Why NASA is celebrating this photo of a seemingly ordinary zinnia.
Astronauts Scott Kelly and Kjell Lindgren accomplished something that had never been done before in 55 years of space travel.
The vacuum of space.
A cold, forbidding place where nothing grows.
Too many of our best fictional characters have died there.
But space may have just taken an important first step to rehabilitate its reputation as a stone-cold extinguisher of being.
In a long-overdue public relations move, the infinite void decided to take a break from asphyxiating George Clooney to not only just create, but straight-up foster some life for once.
Specifically, this really awesome-looking zinnia, a type of sunflower.
The zinnia was grown by astronauts aboard the International Space Station. It is the first flower ever successfully grown in 55 years of manned space travel.
According to a NASA press release, astronaut Kjell Lindgren initiated the zinnia-growing project back in November.
The crew of the International Space Station has been stepping up its botany game since May of 2014 when the Veggie plant growth facility was installed. The largely automated setup includes clay pods to anchor the plants and facilitate water distribution in the limited gravity environment and artificial light to simulate conditions on Earth. The team started and were eventually successful growing lettuce before turning their attention to the more difficult zinnias.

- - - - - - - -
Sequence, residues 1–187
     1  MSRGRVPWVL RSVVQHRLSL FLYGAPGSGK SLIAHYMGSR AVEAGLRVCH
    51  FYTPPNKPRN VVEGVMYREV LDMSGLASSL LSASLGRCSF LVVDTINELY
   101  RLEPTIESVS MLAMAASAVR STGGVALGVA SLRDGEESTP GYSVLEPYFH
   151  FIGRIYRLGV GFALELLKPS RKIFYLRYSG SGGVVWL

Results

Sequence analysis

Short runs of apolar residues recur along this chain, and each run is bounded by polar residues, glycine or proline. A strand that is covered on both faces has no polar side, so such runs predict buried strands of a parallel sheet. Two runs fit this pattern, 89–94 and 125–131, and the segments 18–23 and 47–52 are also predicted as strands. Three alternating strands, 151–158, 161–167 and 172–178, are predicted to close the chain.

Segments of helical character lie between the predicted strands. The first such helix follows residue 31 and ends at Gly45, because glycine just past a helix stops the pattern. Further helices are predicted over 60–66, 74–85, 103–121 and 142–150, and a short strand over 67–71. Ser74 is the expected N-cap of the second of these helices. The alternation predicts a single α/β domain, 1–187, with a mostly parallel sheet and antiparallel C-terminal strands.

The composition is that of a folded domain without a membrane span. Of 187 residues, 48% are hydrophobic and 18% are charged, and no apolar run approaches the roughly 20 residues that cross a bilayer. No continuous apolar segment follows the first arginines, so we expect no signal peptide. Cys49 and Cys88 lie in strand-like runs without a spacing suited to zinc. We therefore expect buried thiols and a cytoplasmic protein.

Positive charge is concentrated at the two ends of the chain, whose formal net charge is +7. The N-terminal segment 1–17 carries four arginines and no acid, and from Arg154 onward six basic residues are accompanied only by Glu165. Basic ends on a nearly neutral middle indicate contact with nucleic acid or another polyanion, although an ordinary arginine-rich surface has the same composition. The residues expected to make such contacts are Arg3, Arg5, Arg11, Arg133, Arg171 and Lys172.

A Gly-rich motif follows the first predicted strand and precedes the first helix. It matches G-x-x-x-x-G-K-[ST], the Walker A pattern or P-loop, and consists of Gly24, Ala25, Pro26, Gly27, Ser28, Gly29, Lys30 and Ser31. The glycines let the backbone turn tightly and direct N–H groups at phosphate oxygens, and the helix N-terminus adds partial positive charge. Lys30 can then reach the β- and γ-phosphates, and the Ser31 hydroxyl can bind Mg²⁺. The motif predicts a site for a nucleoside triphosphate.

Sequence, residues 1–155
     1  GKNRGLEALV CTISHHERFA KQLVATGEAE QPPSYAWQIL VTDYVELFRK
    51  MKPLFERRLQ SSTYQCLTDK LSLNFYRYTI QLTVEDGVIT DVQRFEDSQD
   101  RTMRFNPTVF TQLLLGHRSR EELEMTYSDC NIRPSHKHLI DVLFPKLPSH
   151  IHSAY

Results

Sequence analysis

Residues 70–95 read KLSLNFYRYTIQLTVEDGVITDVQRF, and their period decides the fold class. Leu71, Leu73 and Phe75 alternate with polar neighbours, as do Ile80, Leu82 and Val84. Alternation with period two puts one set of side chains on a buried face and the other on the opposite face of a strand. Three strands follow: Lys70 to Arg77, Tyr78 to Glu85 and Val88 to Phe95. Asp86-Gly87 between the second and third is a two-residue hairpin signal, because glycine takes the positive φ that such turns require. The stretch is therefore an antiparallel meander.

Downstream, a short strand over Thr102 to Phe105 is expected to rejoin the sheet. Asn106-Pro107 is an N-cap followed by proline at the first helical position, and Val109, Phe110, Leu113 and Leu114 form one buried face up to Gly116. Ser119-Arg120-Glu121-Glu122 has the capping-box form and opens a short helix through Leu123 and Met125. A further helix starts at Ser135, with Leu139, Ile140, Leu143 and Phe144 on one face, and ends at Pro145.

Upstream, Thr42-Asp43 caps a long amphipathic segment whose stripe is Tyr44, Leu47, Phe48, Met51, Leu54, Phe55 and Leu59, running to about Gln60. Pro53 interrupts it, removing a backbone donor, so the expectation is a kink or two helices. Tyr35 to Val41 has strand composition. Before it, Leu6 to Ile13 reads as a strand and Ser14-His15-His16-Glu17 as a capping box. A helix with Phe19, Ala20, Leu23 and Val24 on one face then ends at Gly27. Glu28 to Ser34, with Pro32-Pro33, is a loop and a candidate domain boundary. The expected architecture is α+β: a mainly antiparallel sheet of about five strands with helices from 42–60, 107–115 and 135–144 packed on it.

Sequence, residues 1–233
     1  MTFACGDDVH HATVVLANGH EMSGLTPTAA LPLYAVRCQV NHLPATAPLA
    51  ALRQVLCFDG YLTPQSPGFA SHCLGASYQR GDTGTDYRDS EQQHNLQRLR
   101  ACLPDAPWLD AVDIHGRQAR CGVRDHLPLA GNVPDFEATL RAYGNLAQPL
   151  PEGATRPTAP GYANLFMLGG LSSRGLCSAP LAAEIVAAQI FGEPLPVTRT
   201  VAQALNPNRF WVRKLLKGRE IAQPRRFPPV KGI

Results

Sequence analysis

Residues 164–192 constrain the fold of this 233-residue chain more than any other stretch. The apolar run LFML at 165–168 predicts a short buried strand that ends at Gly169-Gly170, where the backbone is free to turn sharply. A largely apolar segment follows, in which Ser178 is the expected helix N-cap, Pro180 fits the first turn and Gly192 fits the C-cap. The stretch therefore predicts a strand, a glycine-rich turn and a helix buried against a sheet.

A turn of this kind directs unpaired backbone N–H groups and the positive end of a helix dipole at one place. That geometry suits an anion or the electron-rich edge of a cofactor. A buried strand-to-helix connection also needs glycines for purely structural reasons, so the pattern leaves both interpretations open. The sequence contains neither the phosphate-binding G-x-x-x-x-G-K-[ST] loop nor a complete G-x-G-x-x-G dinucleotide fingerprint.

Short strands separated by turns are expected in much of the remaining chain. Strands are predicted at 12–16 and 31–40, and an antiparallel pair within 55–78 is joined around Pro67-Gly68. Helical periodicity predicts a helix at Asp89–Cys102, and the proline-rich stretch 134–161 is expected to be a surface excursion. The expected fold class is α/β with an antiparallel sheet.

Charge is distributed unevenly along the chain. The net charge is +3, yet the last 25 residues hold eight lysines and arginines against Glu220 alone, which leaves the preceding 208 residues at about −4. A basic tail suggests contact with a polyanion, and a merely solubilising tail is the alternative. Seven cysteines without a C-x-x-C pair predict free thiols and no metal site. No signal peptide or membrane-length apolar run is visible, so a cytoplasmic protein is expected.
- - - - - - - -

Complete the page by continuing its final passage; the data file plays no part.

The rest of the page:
When Kelly noticed a month into the project that the flowers, "weren't looking too good," he radioed ground control for help.
Together, they decided that, rather than depend on the automated system, Kelly would simply take care of the flowers himself, as if he were gardening in his backyard. A team of veggie specialists (NASA, apparently, has a team of veggie specialists) sent Kelly a one-page guide to tell him what problems to look for and how to adjust his watering schedule to correct them, which he used to nurse the plants back to health.
It may seem like a small thing, but successfully growing a flower in space actually helps pave the way for bigger, better space travel in the future.
"The challenging process of growing the zinnias provided an exceptional opportunity for scientists back on Earth to better understand how plants grow in microgravity, and for astronauts to practice doing what they’ll be tasked with on a deep space mission: autonomous gardening," NASA wrote in a blog post about Kelly and Lindgren's botanical breakthrough.
In other words, thanks to the tireless efforts of our astronauts, we are one step closer to the ultimate goal of any forward-looking, post-industrial society: landing Matt Damon on Mars.
Let's go for it, world.